In Tim Burton’s version of Dumbo, the only thing that keeps the whole thing from really soaring is the gravity of the plot. Sure, Dumbo the baby elephant needs to overcome earthly woes in order to reach heavenly heights, but it doesn’t need to be so plainly pedestrian in order to get there.
Dumbo revolves around family, between mother and child, and widowed war wounded father and two precocious siblings. The human story remains earthbound, tethered to cliché villains and hero, only saved by the earnest reality of the kids love for Dumbo, a light comic performance from Danny de Vito as the circus owner and ringmaster, and a truly heavenly turn from Eva Green as the fallen angel acrobat who not only gets her wings back through good heart and good deeds but helps Dumbo soar to heavenly heights.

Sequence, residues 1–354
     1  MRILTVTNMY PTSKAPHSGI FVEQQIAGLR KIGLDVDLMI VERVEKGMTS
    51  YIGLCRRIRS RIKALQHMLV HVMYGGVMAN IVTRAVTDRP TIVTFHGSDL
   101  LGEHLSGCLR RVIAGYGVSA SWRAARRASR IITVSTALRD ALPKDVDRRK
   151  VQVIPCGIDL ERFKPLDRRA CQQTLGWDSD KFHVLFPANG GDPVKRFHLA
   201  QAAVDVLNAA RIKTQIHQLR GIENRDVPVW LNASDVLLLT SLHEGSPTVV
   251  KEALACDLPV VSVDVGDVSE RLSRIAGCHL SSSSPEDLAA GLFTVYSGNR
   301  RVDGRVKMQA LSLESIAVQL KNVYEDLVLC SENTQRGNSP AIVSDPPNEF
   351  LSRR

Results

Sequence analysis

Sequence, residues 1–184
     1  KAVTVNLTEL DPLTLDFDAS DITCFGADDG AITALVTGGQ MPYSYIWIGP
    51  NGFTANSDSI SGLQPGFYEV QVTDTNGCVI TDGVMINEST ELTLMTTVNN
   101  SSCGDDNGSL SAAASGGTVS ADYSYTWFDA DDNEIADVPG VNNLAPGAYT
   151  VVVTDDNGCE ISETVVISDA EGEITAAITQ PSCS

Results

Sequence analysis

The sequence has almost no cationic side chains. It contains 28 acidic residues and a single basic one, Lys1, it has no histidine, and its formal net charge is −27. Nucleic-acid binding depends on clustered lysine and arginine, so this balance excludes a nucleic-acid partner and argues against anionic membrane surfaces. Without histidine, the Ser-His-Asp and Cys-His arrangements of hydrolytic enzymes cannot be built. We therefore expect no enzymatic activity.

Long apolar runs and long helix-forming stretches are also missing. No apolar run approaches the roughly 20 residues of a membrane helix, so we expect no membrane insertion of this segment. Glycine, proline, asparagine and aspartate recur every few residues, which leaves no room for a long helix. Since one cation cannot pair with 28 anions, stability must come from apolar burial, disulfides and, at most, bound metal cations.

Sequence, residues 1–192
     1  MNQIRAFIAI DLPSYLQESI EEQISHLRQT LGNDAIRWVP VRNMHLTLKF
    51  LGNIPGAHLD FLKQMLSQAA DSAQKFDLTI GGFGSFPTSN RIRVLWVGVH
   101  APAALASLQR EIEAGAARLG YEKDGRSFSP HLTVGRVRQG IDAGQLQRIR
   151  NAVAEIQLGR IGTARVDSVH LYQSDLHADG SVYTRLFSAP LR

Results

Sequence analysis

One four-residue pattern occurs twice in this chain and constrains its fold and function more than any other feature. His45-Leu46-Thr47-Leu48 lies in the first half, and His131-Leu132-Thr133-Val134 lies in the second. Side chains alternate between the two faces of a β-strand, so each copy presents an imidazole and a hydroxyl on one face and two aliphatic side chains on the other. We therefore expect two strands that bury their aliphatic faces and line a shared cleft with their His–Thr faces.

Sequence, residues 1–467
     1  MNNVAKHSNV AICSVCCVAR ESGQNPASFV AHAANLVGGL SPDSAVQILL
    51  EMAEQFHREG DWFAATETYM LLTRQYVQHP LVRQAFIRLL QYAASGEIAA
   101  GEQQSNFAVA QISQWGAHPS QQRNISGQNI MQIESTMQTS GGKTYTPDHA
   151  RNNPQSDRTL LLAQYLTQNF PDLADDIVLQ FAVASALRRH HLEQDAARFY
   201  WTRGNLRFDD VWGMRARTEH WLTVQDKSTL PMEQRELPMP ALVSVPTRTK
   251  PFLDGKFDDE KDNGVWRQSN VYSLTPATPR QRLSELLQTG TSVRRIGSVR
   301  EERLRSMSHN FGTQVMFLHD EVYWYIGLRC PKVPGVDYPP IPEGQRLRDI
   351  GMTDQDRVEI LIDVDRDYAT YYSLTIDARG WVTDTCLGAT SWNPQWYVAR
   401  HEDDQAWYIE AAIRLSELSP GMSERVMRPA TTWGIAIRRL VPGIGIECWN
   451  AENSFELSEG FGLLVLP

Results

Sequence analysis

The animal story remains emotional, full of tears, smiles and soaring baby elephant delights. When Dumbo takes off, and it is not often enough, the film soars becoming the best thing Burton has done on screen in years.
There is three quarters greatness to one quarter mess in Dumbo. I have never cried and was delighted at a special effect in a very long time.
Also, I never been more frustrated with a movie that made me wish Burton would rush through the earthly drag of its plots. Give me nothing but Dumbo flying so I can be a delighted child again.
All photos courtesy of Walt Disney Studios.